The prototype fork is very much based on the Intend Edge fork for enduro riding, but the new carbon uppers shave a not-insignificant 100g on the overall weight. Cornelius is still working on developing a secure press fit for the carbon uppers (traditionally, lowers) into the machined aluminum crown.
Prototype GasGas Enduro eMTB with Unidentified Motor
At the GasGas booth we saw a prototype long-travel eMTB that was home to an unidentified motor. While most of the GasGas eBikes are powered by a Yamaha motor, this one is not. No one was on hand to divulge information on the bike, never mind its motor, so we are left to speculate. Given that the bike was home to AXS components with the SRAM T-Type Derailleur and flat-top chain, we know which brand we’d wager on.
Commencal Meta AM V5 Enduro Bike with Classified Powershift
High up on the wall of the Classified Cycling booth was the new Commencal Meta V5 Enduro bike, rocking the Classified Powershift Hub. Word is, the Commencal Enduro Project Team (including Alex Rudeau) is testing out the system for possible use on the race bikes later this season.
For those unfamiliar, the Classified Powershift Hub essentially delivers a 2x drivetrain without the need for a front derailleur, or two chainrings. That’s thanks to the internal gearing of the hub that offers two possible ratios through the full range of the cassette you wish to pair it with. Thus, the Commencal Meta V5 with the Classified Powershift Hub and 12 speed cassette actually boasts 24 gears.
Some advantages of the system include the use of a more compact 12 speed cassette (11-40T), with the 24 gears bumping range up to 530%. It also allows for use of a less vulnerable short-cage derailleur and a shorter chain.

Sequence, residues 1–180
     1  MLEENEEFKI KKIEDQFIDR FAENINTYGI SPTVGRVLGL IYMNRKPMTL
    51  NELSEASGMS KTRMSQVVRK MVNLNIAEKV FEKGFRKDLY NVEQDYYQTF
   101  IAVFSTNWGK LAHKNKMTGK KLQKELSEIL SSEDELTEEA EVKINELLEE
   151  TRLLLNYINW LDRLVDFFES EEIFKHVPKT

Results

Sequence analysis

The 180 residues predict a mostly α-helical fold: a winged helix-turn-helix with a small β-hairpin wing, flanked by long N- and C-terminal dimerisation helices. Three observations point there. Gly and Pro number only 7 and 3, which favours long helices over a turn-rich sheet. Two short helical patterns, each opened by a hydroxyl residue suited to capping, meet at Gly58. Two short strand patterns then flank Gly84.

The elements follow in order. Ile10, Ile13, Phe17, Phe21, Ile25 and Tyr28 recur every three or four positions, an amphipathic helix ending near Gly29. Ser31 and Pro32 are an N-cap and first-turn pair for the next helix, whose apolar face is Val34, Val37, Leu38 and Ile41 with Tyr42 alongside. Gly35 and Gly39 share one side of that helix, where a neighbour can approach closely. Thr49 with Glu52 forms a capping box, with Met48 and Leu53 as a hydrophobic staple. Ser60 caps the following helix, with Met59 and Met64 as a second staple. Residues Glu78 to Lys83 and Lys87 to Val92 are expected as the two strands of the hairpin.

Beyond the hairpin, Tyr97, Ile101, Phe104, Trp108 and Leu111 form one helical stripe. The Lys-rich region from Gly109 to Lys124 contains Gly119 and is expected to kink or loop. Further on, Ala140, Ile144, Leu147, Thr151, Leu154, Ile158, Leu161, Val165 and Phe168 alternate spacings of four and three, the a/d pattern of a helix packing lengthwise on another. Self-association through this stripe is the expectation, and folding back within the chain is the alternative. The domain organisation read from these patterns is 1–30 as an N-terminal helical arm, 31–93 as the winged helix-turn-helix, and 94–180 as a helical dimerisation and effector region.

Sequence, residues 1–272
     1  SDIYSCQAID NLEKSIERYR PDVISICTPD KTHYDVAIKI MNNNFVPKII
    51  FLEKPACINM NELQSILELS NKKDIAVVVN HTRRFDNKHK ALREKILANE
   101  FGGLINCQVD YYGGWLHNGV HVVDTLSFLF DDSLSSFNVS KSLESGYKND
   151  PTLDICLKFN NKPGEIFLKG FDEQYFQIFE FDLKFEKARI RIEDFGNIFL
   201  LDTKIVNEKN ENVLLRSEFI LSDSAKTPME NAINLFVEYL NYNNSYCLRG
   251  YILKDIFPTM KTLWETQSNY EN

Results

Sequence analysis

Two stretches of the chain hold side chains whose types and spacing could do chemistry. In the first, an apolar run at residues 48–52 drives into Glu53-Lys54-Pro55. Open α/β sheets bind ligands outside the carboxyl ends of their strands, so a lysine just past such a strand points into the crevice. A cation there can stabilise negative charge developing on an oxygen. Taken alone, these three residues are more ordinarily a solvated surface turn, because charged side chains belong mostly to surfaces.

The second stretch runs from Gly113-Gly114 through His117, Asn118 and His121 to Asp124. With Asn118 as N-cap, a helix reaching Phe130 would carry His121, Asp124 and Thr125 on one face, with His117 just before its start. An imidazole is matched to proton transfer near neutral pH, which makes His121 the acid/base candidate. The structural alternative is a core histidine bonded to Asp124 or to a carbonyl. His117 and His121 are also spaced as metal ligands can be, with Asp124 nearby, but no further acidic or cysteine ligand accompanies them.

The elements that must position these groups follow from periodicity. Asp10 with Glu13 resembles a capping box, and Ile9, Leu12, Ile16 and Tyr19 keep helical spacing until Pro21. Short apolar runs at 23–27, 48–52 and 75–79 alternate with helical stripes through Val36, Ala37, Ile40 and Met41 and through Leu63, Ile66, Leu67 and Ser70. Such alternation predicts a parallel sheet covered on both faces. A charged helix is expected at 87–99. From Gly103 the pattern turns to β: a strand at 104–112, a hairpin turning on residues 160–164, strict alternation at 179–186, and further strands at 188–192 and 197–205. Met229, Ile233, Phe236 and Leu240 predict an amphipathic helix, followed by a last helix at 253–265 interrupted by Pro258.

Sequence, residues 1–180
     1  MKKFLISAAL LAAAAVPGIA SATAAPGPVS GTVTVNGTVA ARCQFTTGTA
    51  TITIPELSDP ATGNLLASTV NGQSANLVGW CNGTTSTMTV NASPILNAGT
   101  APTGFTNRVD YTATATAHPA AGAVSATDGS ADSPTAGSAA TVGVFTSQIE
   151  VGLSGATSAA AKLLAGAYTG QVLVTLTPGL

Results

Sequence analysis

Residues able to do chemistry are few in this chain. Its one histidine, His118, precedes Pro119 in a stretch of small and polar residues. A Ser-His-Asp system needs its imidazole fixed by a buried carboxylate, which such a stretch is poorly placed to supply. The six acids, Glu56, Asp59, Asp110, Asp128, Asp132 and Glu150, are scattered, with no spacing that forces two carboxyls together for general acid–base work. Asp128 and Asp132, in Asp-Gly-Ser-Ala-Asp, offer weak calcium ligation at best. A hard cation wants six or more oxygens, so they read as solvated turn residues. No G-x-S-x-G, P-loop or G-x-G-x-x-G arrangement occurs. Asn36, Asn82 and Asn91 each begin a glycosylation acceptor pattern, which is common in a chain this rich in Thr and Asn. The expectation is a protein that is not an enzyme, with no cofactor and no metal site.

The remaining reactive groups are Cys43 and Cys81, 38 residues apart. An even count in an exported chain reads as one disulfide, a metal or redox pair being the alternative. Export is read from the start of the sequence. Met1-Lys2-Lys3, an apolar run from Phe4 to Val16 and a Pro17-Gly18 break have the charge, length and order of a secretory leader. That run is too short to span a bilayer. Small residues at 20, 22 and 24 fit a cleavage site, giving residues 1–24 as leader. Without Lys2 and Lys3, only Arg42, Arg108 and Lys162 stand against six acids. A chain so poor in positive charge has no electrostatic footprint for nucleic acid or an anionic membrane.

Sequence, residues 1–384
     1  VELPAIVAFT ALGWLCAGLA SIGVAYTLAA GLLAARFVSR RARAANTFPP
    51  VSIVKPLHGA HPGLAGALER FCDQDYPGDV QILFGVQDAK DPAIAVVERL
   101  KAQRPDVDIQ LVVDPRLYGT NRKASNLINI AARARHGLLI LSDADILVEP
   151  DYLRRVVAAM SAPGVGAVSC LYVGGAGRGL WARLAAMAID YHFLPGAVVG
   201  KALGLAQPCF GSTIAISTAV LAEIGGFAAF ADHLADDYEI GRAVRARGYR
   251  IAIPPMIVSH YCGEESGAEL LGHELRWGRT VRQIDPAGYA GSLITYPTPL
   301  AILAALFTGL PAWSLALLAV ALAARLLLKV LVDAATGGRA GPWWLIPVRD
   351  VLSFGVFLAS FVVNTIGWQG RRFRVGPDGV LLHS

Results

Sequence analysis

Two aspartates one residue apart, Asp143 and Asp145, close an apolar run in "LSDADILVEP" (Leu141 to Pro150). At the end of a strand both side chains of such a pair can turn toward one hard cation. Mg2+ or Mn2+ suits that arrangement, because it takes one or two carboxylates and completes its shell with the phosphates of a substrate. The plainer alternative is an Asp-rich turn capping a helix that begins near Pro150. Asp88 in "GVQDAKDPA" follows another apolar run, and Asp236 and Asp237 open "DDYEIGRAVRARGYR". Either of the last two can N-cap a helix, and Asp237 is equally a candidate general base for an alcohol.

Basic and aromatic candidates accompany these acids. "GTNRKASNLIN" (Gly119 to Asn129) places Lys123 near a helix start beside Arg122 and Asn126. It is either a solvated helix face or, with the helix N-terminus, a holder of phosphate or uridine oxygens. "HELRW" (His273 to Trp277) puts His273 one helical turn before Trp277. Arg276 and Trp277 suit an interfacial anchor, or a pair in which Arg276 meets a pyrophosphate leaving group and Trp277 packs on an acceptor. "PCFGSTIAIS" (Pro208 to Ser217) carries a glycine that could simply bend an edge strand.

However, the major advantage for mountain bikers, and especially those in a hurry, is the ability to shift under load. Switching gear using the Powershift hub gives you an effective shift through 2-3 gears when compared to a traditional 1x drivetrain. That’s going to be especially helpful when you need to step on the gas following a tight, technical corner, or when rolling into a surprise steep technical climb. It’ll be interesting to see how Alex and co get on with this one.
Nicolai Nucleon 16 with Lal Bikes Supre Drive
Not especially new, but still noteworthy, is the Nicolai Nucleon 16, a high-pivot enduro mountain bike designed in conjunction with the Lal Bikes Supre Drive. With a 230mm eye-to-eye shock, with a 60mm or 65 mm stroke, the Nucleon 16 Supre can deliver 165mm or 178 mm of rear wheel travel. It is designed around a 29″ wheelset, but can also be configured as a mullet.
For now, it remains the only production bike available with the alternative drivetrain. Briefly, the Supre Drive splits the two major roles of a traditional derailleur into two entities that work in unison with one another to deliver gear shifts and manage chain tension.
We covered the Supre Drive in detail last year when Lal Bikes proprietor, Cedric Eveleigh, first announced it. The Supre Drive seen here is updated with cnc-machined aluminum derailleur links, as compared to the 3D printed plastic links we saw on the Nucleon 16 at Eurobike in 2022. The derailleur, chain tensioner and idler pulley are all made at Lal Bikes’ own production facility in BC, Canada.
One interesting feature of the Supre Drive is its hydraulically-damped chain tensioner. The tube containing the damper fluid is tucked up inside the downtube.
Crossworx Trip290 x Gates Belt Drive x Classified Powershift
In continuation of this theme of alternative drivetrains, at the Gates Carbon Drive booth we saw a Crossworx Trip 290 eBike prototype, complete with Bosch SX Motor, 400 Wh CompactTube Battery, Gates Carbon Drive and the Classified Powershift Hub. At first glance, this one looks to be a single-speed eMTB, but thanks to the Classified Powershift Hub it is actually, rather stealthily, running a two-speed drivetrain. The bike, as pictured here, weighs a claimed 20.2 kg.
For us, the Crossworx eMTB was definitey one of the show highlights – more details on this innovative new eBike here.